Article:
This has been a long-requested maintenance topic for over a year. How to replace brake pads on a Harley with an anti-lock brake system. There are differences in the process for successfully changing the pad. Most people can do the work on their own at home and save a load of money doing so. Let's take a look at the differences.
The biggest point to address is the Dot 4 brake fluid in the brake lines. Because of the anti-lock brake module, it is critical that the system remains free of air. Any small amount of air that enters the line will cause the anti-lock brake module to become ineffective in its purpose of pulsing the brakes to bring the bike to a quick stop. Be sure to keep the brake system sealed and do not allow air into the line. When changing the pads, you need to pump a little bit of brake fluid out of the master cylinder. This is to make room for the brake fluid that is in the calipers. You only want to pump out just enough to bring the level down to about halfway in the master cylinder. This will keep the brake system sealed and free of air.
Wheel Speed Sensors
There is a wheel speed sensor on the left front caliper area and on the rear brake caliper area. These are the only cables that will need to be moved out of the way so you can work on the caliper. There is really nothing you can do to cause harm to these sensors unless you physically cut them.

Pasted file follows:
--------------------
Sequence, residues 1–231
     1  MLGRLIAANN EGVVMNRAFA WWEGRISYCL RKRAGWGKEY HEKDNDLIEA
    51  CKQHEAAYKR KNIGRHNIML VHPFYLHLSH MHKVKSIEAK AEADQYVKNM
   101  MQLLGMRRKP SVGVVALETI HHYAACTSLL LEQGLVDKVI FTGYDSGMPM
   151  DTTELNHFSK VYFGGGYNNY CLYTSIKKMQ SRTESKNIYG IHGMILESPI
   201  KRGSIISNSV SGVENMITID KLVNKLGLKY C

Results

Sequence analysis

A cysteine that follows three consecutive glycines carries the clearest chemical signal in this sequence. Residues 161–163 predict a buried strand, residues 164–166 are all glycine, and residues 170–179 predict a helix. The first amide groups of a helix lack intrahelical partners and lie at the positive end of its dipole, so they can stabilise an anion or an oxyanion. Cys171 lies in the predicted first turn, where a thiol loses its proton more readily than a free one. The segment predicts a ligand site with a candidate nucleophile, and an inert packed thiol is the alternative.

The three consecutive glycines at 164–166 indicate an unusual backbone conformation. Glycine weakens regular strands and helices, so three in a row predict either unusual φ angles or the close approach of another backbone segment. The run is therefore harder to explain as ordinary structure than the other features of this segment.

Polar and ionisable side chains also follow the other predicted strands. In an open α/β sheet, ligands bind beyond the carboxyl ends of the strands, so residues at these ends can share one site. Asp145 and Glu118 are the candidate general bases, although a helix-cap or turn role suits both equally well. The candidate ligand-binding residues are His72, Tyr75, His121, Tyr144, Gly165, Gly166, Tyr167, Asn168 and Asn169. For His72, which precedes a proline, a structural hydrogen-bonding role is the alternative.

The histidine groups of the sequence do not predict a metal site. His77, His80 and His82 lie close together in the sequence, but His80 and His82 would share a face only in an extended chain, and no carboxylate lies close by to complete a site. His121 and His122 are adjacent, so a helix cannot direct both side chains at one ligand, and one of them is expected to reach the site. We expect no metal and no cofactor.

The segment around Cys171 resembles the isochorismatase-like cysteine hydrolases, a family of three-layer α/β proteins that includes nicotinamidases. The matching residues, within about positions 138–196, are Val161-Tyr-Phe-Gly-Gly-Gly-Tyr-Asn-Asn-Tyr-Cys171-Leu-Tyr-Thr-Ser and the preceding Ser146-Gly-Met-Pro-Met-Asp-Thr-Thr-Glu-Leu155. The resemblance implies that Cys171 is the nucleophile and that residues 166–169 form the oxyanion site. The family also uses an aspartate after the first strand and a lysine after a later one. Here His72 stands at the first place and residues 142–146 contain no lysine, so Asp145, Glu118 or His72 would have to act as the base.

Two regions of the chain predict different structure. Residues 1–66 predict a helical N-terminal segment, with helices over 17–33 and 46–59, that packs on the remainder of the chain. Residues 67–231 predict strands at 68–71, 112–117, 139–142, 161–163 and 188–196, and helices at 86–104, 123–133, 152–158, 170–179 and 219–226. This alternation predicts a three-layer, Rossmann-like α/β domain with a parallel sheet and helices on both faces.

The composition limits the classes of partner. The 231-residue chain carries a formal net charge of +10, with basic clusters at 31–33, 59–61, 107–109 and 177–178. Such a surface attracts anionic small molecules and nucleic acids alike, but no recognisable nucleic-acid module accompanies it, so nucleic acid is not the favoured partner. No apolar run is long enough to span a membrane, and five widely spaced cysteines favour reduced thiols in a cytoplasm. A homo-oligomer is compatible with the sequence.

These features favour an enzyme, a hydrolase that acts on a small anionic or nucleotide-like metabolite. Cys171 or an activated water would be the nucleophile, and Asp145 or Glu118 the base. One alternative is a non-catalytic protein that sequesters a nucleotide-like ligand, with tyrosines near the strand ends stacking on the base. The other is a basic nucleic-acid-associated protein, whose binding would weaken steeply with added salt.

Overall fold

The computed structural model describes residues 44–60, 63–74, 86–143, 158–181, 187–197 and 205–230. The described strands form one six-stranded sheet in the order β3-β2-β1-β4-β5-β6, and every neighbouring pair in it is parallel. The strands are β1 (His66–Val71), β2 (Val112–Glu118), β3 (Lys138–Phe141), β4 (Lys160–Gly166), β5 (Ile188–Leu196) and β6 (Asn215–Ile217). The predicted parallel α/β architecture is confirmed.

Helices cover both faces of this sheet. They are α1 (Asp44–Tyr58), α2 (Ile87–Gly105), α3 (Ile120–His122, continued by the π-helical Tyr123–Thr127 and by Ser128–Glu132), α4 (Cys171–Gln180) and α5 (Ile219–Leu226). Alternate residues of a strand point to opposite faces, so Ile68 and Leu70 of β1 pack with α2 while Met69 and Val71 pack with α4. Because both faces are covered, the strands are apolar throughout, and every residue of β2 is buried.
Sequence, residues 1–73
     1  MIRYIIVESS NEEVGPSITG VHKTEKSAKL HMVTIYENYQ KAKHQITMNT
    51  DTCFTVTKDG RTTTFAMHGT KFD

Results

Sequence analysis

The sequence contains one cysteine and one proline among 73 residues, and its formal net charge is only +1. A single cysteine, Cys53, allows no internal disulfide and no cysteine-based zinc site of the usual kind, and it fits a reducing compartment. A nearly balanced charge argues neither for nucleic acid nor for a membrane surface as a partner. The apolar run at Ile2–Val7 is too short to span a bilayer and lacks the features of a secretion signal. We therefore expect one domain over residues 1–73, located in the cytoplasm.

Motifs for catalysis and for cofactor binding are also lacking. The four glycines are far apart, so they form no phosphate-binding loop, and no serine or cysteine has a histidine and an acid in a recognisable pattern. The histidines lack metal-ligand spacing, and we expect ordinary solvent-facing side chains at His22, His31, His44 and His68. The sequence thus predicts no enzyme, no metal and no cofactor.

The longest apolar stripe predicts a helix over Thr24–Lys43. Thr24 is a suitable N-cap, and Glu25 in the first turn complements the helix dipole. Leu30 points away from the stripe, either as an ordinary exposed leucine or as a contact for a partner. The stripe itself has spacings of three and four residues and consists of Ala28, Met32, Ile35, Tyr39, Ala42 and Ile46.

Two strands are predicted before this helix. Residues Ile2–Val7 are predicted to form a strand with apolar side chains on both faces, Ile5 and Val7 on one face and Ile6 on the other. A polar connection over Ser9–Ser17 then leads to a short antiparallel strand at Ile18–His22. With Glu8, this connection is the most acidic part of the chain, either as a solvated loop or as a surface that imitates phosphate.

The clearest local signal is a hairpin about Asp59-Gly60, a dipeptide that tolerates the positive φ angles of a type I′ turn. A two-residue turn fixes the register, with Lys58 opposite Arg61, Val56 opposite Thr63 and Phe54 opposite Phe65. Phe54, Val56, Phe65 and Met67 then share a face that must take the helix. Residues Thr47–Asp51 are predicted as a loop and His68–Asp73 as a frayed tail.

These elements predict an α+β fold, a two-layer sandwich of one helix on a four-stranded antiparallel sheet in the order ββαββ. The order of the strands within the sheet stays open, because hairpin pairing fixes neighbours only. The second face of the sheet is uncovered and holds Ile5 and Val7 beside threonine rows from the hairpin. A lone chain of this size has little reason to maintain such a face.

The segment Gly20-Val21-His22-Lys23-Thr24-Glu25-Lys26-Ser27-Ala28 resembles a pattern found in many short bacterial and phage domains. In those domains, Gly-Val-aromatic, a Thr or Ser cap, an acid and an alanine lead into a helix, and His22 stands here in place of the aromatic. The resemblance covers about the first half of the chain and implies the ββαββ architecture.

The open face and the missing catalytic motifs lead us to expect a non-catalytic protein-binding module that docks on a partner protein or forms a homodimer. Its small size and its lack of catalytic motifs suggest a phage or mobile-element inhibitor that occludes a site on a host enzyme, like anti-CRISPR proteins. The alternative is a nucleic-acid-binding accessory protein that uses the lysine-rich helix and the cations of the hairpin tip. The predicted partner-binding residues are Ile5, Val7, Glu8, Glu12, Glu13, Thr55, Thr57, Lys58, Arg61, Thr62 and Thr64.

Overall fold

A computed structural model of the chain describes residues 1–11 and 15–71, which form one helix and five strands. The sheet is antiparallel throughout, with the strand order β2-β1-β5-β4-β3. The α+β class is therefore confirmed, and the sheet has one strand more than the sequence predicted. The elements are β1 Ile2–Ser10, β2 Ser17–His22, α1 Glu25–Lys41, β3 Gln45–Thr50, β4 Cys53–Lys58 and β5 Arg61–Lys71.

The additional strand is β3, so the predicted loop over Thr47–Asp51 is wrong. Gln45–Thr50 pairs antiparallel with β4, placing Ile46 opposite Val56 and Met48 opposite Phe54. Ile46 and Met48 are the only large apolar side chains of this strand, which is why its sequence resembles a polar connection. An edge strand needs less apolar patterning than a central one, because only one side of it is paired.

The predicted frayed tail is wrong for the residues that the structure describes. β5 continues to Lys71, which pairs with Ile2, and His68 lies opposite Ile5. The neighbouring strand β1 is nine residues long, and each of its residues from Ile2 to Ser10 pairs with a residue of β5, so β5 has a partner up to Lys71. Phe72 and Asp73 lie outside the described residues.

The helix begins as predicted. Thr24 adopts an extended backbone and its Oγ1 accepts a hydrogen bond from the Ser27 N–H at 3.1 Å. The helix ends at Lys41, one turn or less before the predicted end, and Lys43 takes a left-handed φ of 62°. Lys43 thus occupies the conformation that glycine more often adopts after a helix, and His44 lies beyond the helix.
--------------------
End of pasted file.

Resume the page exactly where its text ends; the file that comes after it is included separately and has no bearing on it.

Installing The Brake Pads
Once you get the caliper off, depress the pistons into the cylinder bore to make room for the new pads. Depressing the caliper pistons will push brake fluid back into the master cylinder. You need to remove some before removing the calipers. You don’t want brake fluid overflowing from the master cylinder and getting all over that beautiful paint on your bike. Install the pads as you would any on any bike, whether it be ABS or non-ABS. Reinstall the caliper. Once you have done all brakes related to the same master cylinder, it is time to compress those new pads to the rotor. Gently and fully compress or pull on the brake handle or peddle, release, and repeat until you have brake action. Doing this will push the fluid back down the line into the caliper from the master cylinder. It will take a few runs through the process before the pads make contact with the rotor and give you a tight brake. While doing this, be aware of the fluid level in the master cylinder. If it gets too low, be sure to add some brake fluid. You don’t want to take a chance on it getting low enough to allow air to enter the line. If air gets into the line, you will have to take your bike into the dealership and have them bleed the line digitally using digital technician II software to purge the ABS module of any air that could have collected inside that won't come out by conventional means. Once you have a good tight brake on the lever or pedal, refill the master cylinder to the full mark and close it up.
Take it easy for about 100 miles to allow the pads to burn in before really grabbing on them hard. The process can be done both front and back in its entirety in less than an hour. This is a great money-saving process that familiarizes you with your bike and maintains the safety factor of the brakes. I got my brake pads online at Get Lowered Cycles and had them shipped to my front door. This is a great convenience so you don’t have to spend time going to a parts house or dealership. You can have them shipped and delivered to your home so they will be ready for installation at any time.
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